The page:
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Prove by induction of $n$

$$\sum_{k=1}^n \frac k{k+1} \leq n - \frac1{n+1}$$


\begin{align}\sum_1^{n+1}\frac k{k+1}&\leq n-\frac 1{n+1}+\frac{n+1}{n+2}\\&=n-\frac 1{n+1}+1-\frac 1{n+2}\\&=(n+1)-\frac{2(n+2)-1}{(n+1)(n+2)}\\&=(n+1)-\frac 2{n+1}+\frac 1{(n+1)(n+2)}\\&\leq (n+1)-\frac 2{n+2}+\frac 1{n+2}=(n+1)-\frac 1{n+2}\end{align}


Now I'm a beginner at induction, and couldn't follow this solution very well.I was hoping someone could help break down the steps and explain them.

Questions

  1. How the inequality works

Wouldn't

$$\sum_1^{n+1}\frac k{k+1}\leq n-\frac 1{n+1}$$

become

$$\sum_1^{n+1}\frac k{k+1}\ +\frac{n+1}{n+2} \leq n-\frac 1{n+1}$$

and then

$$\sum_1^{n+1}\frac k{k+1}\leq n-\frac 1{n+1}-\frac{n+1}{n+2}$$

instead of

$$\sum_1^{n+1}\frac k{k+1}\leq n-\frac 1{n+1}+\frac{n+1}{n+2}$$


  1. My largest issue with induction, is when the inequalities change like in the first and last step. I don't understand how that works. Any explanation, or good resources to help with my understanding of how the inequality changes when performing induction would be helpful.
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3 Answers 3

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Remember that in induction proofs, we start by assuming that the claim we're trying to prove is true for $n$, and then conclude that it must also be true for $n + 1$. In this case, we start with the induction assumption $$\sum_{k = 1}^{n} \frac{k}{k + 1} \leq n - \frac{1}{n + 1},$$ and want to end with the conclusion that $$\sum_{k = 1}^{n + 1} \frac{k}{k + 1} \leq n + 1 - \frac{1}{n + 2} .$$ Here's the argument written out in a bit more detail with commentary on each step. \begin{align*} \sum_{k = 1}^{n + 1} \frac{k}{k + 1} & = \frac{n + 1}{n + 2} + \sum_{k = 1}^{n} \frac{k}{k + 1} & \textrm{ (just writing out the sum)} \\ & \leq \frac{n + 1}{n + 2} + n - \frac{1}{n + 1} & \textrm{ (applying the induction hypothesis)} \\ & = 1 - \frac{1}{n + 2} + n - \frac{1}{n + 1} & \textrm{ (rewriting $\frac{n+ 1}{n + 2}$ as $\frac{n + 2 - 1}{n + 2} = 1 - \frac{1}{n + 2}$)} \\ & = n + 1 - \frac{1}{n + 1} - \frac{1}{n + 2} & \textrm{ (regrouping)} \\ & = n + 1 - \frac{(n + 2) + (n + 1)}{(n + 2)(n + 1)} & \textrm{ (combining fractions)} \\ & = n + 1 - \frac{2(n + 2) - 1}{(n + 1)(n + 2)} & \textrm{ (regrouping the numerator)} \\ & = n + 1 - \frac{2(n + 2)}{(n + 1)(n + 2)} + \frac{1}{(n + 1)(n + 2)} & \textrm{ (breaking the fraction back apart)} \\ & = n + 1 - \frac{2}{n + 1} + \frac{1}{(n + 1)(n + 2)} & \textrm{ (simplifying the fraction)} \\ & \leq n + 1 - \frac{2}{n + 2} + \frac{1}{(n + 1)(n + 2)} & \textrm{ (we slightly modified the second-to-last summand)} \\ & \leq n + 1 - \frac{2}{n + 2} + \frac{1}{n + 2} & \textrm{ (modifying the last summand)} \\ & = n + 1 - \frac{1}{n + 2} & \textrm{ (combining the fractions)} . \end{align*} So in summary, we began with the assumption that the claim held for $n$, and through some arithmetic trickery concluded that it therefore held for $n + 1$.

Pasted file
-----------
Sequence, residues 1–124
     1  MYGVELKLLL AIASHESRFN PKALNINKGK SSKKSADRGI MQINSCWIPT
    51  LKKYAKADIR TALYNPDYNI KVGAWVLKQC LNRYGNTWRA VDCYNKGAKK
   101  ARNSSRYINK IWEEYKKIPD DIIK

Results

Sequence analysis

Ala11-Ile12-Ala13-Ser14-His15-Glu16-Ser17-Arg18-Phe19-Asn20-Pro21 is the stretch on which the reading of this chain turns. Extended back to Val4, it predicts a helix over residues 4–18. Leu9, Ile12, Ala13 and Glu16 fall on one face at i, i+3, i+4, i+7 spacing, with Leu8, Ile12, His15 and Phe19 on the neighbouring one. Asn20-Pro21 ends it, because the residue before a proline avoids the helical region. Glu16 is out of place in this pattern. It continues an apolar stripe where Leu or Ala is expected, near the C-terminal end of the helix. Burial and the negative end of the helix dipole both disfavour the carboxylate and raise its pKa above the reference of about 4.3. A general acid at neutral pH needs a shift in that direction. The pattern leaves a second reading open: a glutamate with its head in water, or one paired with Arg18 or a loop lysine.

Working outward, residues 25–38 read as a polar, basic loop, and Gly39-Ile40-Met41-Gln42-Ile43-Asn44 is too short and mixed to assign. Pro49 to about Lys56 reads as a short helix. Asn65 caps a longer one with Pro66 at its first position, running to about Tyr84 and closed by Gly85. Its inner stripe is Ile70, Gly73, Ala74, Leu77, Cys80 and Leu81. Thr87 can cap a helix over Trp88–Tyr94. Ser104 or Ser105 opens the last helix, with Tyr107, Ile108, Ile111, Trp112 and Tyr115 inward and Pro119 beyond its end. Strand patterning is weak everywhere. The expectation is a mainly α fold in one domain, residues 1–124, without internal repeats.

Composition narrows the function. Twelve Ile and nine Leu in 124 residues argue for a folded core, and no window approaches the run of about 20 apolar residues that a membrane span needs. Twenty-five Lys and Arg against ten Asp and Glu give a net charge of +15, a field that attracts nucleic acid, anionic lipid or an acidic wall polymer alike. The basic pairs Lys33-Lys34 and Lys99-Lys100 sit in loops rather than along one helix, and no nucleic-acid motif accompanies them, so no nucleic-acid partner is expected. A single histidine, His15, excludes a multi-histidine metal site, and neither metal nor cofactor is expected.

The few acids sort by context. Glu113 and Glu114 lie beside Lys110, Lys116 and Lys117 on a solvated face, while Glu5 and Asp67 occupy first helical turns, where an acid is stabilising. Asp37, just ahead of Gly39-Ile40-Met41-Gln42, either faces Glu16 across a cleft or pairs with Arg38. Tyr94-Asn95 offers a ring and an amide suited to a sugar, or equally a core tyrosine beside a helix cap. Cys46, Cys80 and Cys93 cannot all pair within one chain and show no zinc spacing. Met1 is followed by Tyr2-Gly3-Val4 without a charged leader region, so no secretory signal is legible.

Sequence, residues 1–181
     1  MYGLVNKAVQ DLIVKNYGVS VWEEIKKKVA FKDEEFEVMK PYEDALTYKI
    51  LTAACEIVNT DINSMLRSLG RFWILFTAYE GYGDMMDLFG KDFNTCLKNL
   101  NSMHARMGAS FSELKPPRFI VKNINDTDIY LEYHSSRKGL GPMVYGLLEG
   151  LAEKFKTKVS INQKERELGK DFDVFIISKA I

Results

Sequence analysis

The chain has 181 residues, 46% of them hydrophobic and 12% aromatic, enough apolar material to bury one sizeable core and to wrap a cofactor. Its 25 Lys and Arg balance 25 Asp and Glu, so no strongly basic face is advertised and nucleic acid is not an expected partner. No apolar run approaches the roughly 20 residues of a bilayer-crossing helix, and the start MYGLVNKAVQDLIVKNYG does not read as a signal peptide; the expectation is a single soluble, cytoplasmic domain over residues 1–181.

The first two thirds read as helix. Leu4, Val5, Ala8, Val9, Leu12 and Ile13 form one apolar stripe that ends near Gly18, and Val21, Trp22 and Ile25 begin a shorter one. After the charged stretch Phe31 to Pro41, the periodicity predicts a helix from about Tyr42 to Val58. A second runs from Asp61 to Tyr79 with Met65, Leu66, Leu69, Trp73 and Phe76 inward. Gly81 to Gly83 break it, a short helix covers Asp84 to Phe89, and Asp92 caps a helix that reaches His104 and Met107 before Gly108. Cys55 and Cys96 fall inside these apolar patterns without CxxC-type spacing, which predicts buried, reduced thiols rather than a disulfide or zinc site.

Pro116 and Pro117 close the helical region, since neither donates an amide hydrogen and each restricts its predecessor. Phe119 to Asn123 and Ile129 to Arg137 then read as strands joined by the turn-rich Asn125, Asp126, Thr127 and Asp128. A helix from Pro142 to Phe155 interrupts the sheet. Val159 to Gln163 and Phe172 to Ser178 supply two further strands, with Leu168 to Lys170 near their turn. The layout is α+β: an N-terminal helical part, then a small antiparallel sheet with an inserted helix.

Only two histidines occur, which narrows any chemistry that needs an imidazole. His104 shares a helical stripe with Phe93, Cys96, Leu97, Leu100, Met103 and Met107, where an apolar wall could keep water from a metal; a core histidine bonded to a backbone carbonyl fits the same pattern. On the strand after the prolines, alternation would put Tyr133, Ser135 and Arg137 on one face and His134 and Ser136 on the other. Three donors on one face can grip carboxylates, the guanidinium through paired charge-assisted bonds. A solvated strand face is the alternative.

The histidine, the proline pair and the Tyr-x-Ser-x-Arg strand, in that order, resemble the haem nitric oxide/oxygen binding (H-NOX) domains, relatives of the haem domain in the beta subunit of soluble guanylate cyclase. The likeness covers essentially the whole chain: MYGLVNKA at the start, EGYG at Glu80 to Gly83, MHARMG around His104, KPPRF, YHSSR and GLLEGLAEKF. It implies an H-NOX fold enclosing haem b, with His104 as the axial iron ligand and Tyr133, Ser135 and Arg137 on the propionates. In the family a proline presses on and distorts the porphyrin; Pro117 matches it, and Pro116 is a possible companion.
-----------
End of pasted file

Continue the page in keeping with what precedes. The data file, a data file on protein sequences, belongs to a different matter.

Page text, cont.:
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    $\begingroup$ This is an amazing break down, could explain your second-to-last and third-to-last steps where you modify the summand? Oh I think I might understand, is it to make the inequality <= ? $\endgroup$
    – Brownie
    Mar 3, 2019 at 3:08
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    $\begingroup$ @Brownie In the third-to-last step, we observe that $n + 1 \leq n + 2$, so $\frac{2}{n + 1} \geq \frac{2}{n + 2}$, so $- \frac{2}{n + 1} \leq - \frac{2}{n + 2}$. For the second-to-last step, we can see that $\frac{1}{n + 2} = \frac{n + 1}{(n + 1)(n + 2)} = (n + 1) \frac{1}{(n + 1)(n + 2)} \geq \frac{1}{(n + 1)(n + 2)}$. $\endgroup$
    – AJY
    Mar 3, 2019 at 3:12
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    $\begingroup$ So is this a step you saw you could implement to get the final equal to $ \ n + 1 - \frac{1}{n + 2} $ ? Or is there something that would push you towards doing this? $\endgroup$
    – Brownie
    Mar 3, 2019 at 3:18
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    $\begingroup$ @Brownie The short answer is that these kinds of tricks come easier with practice. We wanted to get to a very particular estimate, and just kinda made what estimates we could until it fell out just right. Sometimes (often) it just takes trial and error. $\endgroup$
    – AJY
    Mar 3, 2019 at 3:21
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If $a\leq b $, then $a+c\leq b+c $ for any $c\in \Bbb R $. By assumption, we have $$\sum_{k=1}^{n}\frac k{k+1}\leq n-\frac 1{n+1}.$$ Now add $\dfrac{n+1}{n+2}$ on both sides, i.e., $$\sum_{k=1}^{n}\frac k{k+1}+\frac{n+1}{n+2}\leq n-\frac 1{n+1}+\frac{n+1}{n+2}.$$ Note that $$\sum_{k=1}^{n}\frac k{k+1}+\frac{n+1}{n+2}=\sum_{k=1}^{n+1}\frac k{k+1}.$$ Hence we have $$\sum_{k=1}^{n+1}\frac k{k+1}\leq n-\frac 1{n+1}+\frac{n+1}{n+2}.$$

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Regarding the first inequality you're asking about, they are actually adding the term $\frac{n+1}{n+2}$ to both sides, but on the left hand side it is added by increasing the upper limit in the sum by $1$, and to not change the inequality you have to add $\frac{n+1}{n+2}$ to the right hand side.

The subsequent steps in the proof you posted are just rearrangements of fractions using algebra, nothing actually changes there until the last line. Then they just use the fact that $\frac{1}{(n+1)(n+2)} \leq \frac{1}{n+2}$

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  • $\begingroup$ Cool just last quick question, for the left hand side if instead of increasing the upper limit of the sum by 1, I added $\frac{n+1}{n+2}$ to both sides, that would be the same? $\endgroup$
    – Brownie
    Mar 3, 2019 at 2:37
  • $\begingroup$ Yes, that would be the same. $\endgroup$ Mar 3, 2019 at 2:38

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